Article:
Key Standards Supported
Reading History/Social Studies
Cite specific textual evidence to support analysis of primary and secondary sources.
Determine the central ideas or information of a primary or secondary source; provide an accurate summary of the source distinct from prior knowledge or opinions.
Identify key steps in a text’s description of a process related to history/social studies (e.g., how a bill becomes law, how interest rates are raised or lowered).
Determine the meaning of words and phrases as they are used in a text, including vocabulary specific to domains related to history/social studies.
Describe how a text presents information (e.g., sequentially, comparatively, causally).
Integrate visual information (e.g., in charts, graphs, photographs, videos, or maps) with other information in print and digital texts.
Cite specific textual evidence to support analysis of primary and secondary sources, attending to such features as the date and origin of the information.
Determine the central ideas or information of a primary or secondary source; provide an accurate summary of how key events or ideas develop over the course of the text.
Analyze in detail a series of events described in a text; determine whether earlier events caused later ones or simply preceded them.
Determine the meaning of words and phrases as they are used in a text, including vocabulary describing political, social, or economic aspects of history/social science.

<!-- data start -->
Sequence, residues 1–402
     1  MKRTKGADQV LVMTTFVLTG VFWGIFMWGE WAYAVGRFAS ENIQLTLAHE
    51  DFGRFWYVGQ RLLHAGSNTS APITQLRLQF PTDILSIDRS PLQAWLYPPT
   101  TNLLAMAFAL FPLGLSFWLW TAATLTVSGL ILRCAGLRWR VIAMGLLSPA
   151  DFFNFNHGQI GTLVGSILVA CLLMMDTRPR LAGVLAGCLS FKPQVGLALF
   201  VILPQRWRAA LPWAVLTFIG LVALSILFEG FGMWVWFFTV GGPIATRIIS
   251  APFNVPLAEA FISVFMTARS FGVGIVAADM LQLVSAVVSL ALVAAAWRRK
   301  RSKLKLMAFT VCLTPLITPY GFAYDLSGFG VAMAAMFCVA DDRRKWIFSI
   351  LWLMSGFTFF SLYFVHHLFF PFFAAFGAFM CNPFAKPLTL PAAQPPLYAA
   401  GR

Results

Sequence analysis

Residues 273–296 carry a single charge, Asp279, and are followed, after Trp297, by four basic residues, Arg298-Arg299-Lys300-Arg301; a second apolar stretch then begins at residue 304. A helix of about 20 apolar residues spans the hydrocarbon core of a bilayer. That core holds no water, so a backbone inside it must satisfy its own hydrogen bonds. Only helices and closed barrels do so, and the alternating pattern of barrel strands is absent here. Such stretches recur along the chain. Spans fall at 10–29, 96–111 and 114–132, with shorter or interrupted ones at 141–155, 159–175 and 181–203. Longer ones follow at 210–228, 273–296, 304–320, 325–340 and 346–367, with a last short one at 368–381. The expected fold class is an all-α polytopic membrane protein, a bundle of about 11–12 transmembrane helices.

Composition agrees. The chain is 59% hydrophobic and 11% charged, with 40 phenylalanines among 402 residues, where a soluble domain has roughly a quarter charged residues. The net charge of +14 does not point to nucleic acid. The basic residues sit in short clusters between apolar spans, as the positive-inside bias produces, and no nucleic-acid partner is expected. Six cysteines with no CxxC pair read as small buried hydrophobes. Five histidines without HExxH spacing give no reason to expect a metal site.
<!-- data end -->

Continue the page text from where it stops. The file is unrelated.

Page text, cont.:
Analyze how a text uses structure to emphasize key points or advance an explanation or analysis.
Integrate quantitative or technical analysis (e.g., charts, research data) with qualitative analysis in print or digital text.
Cite specific textual evidence to support analysis of primary and secondary sources, connecting insights gained from specific details to an understanding of the text as a whole.
Determine the central ideas or information of a primary or secondary source; provide an accurate summary that makes clear the relationships among the key details and ideas.
Evaluate various explanations for actions or events and determine which explanation best accords with textual evidence, acknowledging where the text leaves matters uncertain.
Determine the meaning of words and phrases as they are used in a text, including analyzing how an author uses and refines the meaning of a key term over the course of a text (e.g., how Madison defines faction in Federalist No. 10).
Analyze in detail how a complex primary source is structured, including how key sentences, paragraphs, and larger portions of the text contribute to the whole.
Integrate and evaluate multiple sources of information presented in diverse formats and media (e.g., visually, quantitatively, as well as in words) in order to address a question or solve a problem.